Veteran Arizona Republic reporter David Schwartz lost his job last month after it was revealed that he impersonated Valley attorney and former appellate judge Bruce Meyerson, allegedly to impress a woman he wanted to date, Meyerson confirmed last week.

Meyerson says, "Obviously, it's outrageous. It's an intrusion into my privacy and my life. He [Schwartz] had no business doing that."

It's a story so bizarre as to rival the tale of Duke Tully, the former Republic and Gazette publisher who resigned a decade ago after admitting he had fabricated a glorious military career for himself.

Schwartz and Republic management refused to comment, but Meyerson and the employer of the woman who Schwartz pursued say Schwartz was fired in connection with the impersonation. The woman--we'll call her Jane--refuses to speak on the advice of her attorney. Jane's employer--we'll call her Helen--agreed to speak on the condition of anonymity.

According to Helen, who is director of a west Valley social-service agency, Schwartz and Jane met months ago at a dinner party. Helen says Schwartz "indicated an interest in her [Jane], and had gotten her telephone number and then began to call her and wanted to date her. At that point and time, [he] did not have any idea where she worked."

According to Meyerson, Schwartz introduced himself to Jane as Bruce Meyerson, an attorney with a Phoenix law firm. Schwartz gave Jane a pager number, telling her that that was the easiest way to reach him rather than at his office.

One day last year, the real Bruce Meyerson received a call at work. It was from Jane.

". . . After having tried to call him on a pager number that he had given her and was not able to reach him--she finally tracked someone named Bruce Meyerson down," Meyerson says.

But the man who answered the phone was not the Bruce Meyerson that Jane had been dating. Together, Meyerson and Jane figured out that Schwartz was the impostor.

Meyerson says he called to inform Republic management of the situation, and that was the extent of his involvement.

According to Helen, once Jane suspected Schwartz, she taped a conversation in which he admitted to the hoax.

Helen says that upon being confronted by his bosses, Schwartz claimed he assumed Meyerson's identity to conduct undercover research for a story he was writing about the agency where Jane worked.

But Helen says, "In no way was there a story pending, was he [Schwartz] gathering information for a story. It has absolutely nothing to do with his employment as a reporter . . . absolutely nothing. It was only after his misrepresentation was discovered that he said that it was job-related. It was not job-related.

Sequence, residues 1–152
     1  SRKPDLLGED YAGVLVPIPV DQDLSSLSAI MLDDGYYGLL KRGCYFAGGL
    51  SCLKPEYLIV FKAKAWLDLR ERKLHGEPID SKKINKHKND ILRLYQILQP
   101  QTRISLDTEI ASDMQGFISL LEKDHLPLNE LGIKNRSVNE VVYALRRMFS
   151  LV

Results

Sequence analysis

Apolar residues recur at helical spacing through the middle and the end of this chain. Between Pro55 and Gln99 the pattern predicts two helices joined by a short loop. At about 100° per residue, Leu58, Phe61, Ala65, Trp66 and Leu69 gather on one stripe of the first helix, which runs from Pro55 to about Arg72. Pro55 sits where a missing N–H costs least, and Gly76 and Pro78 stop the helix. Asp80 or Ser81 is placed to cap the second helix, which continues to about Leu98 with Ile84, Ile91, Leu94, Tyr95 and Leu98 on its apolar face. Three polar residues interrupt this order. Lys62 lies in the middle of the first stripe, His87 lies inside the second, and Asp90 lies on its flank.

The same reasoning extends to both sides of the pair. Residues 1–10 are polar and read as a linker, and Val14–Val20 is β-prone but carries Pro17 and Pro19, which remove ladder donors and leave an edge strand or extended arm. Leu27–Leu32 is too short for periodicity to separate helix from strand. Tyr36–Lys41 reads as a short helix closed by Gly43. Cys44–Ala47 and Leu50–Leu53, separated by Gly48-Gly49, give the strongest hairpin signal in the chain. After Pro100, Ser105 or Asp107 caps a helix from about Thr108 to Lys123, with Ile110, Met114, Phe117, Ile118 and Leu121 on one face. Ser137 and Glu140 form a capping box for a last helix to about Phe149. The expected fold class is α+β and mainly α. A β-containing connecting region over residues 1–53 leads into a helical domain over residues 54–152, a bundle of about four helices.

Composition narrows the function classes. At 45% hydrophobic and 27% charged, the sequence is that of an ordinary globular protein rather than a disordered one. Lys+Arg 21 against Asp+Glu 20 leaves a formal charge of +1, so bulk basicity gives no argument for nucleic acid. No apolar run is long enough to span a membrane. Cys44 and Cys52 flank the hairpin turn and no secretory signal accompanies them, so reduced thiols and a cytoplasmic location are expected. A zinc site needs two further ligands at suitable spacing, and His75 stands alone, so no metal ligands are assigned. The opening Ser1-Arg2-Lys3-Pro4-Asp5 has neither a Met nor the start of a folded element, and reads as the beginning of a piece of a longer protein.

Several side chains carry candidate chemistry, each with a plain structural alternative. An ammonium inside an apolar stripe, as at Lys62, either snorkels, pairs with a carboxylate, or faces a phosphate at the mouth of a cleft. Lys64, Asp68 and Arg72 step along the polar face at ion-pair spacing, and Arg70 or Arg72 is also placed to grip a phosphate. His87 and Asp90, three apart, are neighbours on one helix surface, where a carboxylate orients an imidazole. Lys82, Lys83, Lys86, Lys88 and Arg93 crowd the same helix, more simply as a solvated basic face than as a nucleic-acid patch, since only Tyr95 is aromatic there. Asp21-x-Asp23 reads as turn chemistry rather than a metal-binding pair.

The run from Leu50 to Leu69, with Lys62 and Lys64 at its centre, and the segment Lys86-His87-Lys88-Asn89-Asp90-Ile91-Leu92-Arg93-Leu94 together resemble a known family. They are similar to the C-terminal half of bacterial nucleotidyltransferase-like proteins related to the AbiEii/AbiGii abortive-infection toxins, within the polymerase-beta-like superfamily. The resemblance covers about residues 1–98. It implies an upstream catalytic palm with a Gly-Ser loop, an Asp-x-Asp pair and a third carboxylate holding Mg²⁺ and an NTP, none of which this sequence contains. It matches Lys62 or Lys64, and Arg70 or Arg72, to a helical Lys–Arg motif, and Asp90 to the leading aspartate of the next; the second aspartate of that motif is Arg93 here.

"I insisted she [Jane] pursue it [with Republic management], because he [Schwartz] had at some point said, 'Well, I was only trying to do a story on the [agency].' The interesting part is that he didn't even know the name of the [agency]. I think it was just somebody who was pursuing an attractive young lady and decided that, 'Well, maybe I better not give my real name.'"

Helen adds, "She [Jane] was called by the Republic, who wanted specific information before they took any action. So they investigated it and called her [Jane] in, and she brought in tapes that she had and they listened, and she actually went back and gave them the whole scenario of when they met."

On December 15, Maricopa County Board of Supervisors chair Betsey Bayless received an unannounced visit from Arizona Republic assistant city editor John D'Anna, who hand-delivered a letter announcing that Schwartz "is no longer employed by the Arizona Republic and has no authority to be at county locations on our behalf."

Schwartz covered a variety of high-profile beats, including Arizona State University, the business community--particularly utilities--and Phoenix City Hall. Most recently, he covered Maricopa County during the baseball-stadium debate and budget crisis.

Meyerson was the founding executive director of the Arizona Center for Law in the Public Interest. He served on the Arizona Court of Appeals for four years and later as counsel to Arizona State University. He is now with the Phoenix law firm Meyer, Hendricks, Victor, Osborn and Maledon.

The lawyer says he met Schwartz years ago, when Meyerson was counsel for ASU and Schwartz covered the university. "I met him on a number of occasions. I was a person he knew. I was not just a name out of the blue," Meyerson says. Was Meyerson flattered by the thought that his name would be used to lure a young maiden?

After his laughter subsides, Meyerson replies, "I don't know what his choices were."